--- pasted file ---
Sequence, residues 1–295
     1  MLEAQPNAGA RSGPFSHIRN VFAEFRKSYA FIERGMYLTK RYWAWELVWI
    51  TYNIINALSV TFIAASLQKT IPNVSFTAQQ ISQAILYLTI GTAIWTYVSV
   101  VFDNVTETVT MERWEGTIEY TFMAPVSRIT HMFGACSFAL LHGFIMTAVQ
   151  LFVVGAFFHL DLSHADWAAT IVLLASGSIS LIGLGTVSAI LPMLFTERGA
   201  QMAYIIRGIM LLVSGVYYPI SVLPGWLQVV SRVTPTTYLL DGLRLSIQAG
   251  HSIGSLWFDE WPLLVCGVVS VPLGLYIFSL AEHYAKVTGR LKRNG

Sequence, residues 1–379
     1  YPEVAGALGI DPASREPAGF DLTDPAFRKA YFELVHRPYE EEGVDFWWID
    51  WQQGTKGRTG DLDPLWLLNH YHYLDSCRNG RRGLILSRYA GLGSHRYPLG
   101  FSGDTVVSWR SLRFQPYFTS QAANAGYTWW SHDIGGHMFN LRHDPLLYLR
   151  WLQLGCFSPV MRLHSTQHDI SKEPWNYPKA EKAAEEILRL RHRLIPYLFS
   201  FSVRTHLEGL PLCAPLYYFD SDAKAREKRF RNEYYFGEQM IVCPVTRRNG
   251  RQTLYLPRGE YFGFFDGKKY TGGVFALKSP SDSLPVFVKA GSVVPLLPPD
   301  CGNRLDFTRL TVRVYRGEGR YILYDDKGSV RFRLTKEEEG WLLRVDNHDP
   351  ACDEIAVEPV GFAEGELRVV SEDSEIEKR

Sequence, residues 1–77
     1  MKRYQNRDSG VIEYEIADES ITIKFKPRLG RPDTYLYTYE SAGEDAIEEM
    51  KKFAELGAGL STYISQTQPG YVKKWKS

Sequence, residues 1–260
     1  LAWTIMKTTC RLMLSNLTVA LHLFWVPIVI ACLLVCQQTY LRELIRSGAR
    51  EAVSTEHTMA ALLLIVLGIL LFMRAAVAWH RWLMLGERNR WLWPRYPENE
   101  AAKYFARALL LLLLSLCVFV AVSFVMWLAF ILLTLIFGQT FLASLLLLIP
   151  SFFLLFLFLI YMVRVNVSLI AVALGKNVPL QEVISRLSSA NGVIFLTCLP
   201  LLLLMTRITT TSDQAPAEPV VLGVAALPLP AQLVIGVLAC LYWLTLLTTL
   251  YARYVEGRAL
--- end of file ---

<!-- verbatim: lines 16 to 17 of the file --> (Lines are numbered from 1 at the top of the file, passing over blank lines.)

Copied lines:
   351  ACDEIAVEPV GFAEGELRVV SEDSEIEKR

Sequence, residues 1–77